"He should go for treatment," Valcke said. "It's definitely wrong. The first time, it's an incident. More than once, it is not. That is why the sanction has to be exemplary."
Valcke said the bite on Chiellini had been seen "by hundreds of millions of people", adding: "It is not what you want your kids, who are playing football around the world, to see at a World Cup."
International players' union FifPro said Suarez should "receive all the support he needs".
"The focus should be on the rehabilitation and serious treatment of the player," a statement read. "FifPro believes that treatment must be a part of any sanction."
FIFPro said Suarez's prolonged absence from the game "must be addressed as it directly infringes his right to work".
Suarez has received support from World Cup winner Diego Maradona, while Chiellini has also branded the ban "excessive".
The Uruguayan is not allowed to train with his club or enter a football stadium, yet Spanish side Barcelona remain interested in signing the player from Liverpool.
Liverpool are seeking legal advice after being denied the services of last season's leading Premier League scorer until the end of October.
Meanwhile, online gambling firm 888poker says it has terminated its relationship with Suarez with immediate effect.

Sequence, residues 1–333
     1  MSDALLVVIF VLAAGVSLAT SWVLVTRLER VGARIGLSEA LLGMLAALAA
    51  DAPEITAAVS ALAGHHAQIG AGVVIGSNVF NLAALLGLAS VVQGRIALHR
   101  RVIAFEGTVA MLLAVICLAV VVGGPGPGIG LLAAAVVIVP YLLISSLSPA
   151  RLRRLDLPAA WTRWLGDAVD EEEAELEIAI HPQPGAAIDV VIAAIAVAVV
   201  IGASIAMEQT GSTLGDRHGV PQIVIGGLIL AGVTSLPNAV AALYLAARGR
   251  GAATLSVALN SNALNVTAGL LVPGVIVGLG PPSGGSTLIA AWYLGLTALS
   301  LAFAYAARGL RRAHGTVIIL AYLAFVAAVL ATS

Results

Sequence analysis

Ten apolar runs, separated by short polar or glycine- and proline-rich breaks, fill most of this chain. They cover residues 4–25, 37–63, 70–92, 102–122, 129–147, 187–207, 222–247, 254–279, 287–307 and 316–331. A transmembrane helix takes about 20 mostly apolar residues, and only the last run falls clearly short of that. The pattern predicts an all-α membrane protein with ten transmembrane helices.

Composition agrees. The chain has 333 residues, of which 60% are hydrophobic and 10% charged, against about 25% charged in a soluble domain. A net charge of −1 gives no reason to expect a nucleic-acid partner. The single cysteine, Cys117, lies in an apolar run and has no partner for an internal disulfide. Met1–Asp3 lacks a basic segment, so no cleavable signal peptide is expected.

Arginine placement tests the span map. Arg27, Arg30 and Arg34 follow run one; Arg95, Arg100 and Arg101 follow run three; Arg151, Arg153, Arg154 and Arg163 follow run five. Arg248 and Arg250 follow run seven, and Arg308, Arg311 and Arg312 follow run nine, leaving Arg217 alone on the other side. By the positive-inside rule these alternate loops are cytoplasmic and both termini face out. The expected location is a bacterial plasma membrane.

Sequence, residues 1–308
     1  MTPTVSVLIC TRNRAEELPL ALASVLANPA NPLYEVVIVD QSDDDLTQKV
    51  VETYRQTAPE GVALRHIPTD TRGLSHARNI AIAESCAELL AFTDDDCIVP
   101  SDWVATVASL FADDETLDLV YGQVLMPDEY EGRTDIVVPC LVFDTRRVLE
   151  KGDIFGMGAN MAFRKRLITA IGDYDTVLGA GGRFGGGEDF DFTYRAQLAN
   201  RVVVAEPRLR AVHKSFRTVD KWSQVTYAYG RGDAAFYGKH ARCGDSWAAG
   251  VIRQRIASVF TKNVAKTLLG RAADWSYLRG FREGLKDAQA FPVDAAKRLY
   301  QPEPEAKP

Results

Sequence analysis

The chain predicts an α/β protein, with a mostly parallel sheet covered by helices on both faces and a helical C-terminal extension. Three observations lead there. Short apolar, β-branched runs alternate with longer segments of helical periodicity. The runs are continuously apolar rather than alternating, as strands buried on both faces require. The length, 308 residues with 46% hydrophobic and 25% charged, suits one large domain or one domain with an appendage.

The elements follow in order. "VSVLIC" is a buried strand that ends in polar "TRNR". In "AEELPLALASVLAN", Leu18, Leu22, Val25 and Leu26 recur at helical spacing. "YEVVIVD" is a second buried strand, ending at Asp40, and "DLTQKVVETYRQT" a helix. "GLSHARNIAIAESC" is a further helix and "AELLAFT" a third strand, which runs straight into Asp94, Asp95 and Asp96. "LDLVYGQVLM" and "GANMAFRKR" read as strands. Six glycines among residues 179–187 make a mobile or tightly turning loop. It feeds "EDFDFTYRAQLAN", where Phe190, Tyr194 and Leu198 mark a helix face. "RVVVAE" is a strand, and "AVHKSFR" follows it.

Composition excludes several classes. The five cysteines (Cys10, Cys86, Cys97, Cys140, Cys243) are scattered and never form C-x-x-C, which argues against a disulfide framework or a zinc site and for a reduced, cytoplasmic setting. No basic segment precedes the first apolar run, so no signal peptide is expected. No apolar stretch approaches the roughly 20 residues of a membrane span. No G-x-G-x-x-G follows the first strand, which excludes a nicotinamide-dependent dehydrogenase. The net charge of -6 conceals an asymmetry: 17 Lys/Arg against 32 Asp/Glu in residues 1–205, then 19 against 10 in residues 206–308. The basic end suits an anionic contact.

“Suarez didn't kill anyone... this is an unjust punishment, the act of an incredible mafia”
Suarez, who flew back to the Uruguayan capital Montevideo in the early hours of Friday, denied he had bitten Chiellini, claiming the centre-back had bumped into him.
Writing on his personal website, Italy defender Chiellini said: "I have always considered unequivocal the disciplinary interventions by the competent bodies but, at the same time, I believe that the proposed formula is excessive.
"Now inside me there's no feelings of joy, revenge or anger against Suarez for an incident that happened on the pitch and that's done.
"At the moment, my only thought is for Luis and his family, because they will face a very difficult period."
Former Argentina captain and coach Maradona declared his support for Suarez on his television show De Zurda.
"The Fifa sanction is shameful, they have no sensitivity towards the fans, they might as well handcuff him and throw him in Guantanamo," said Maradona, who was wearing a T-shirt bearing the message, 'Luis, we are with you'.
"It hurts that they have cut short the career of a lad who is a winner. It's an excessive suspension. Fifa cannot talk about morals to anyone.
"Suarez didn't kill anyone. This is an unjust punishment, the act of an incredible mafia."
Maradona interviewed Uruguay's President Jose Mujica during the programme, broadcast on Telesur TV.
"We Uruguayans are full of anger," said Mujica. "We kicked out Italy and England, no doubt they lost a lot of money."
Mujica claimed Fifa used "a different standard" to judge certain countries. "That's what hurts and angers us the most," he added.
Uruguay will play Colombia in the last 16 on Saturday after qualifying from Group D behind Costa Rica.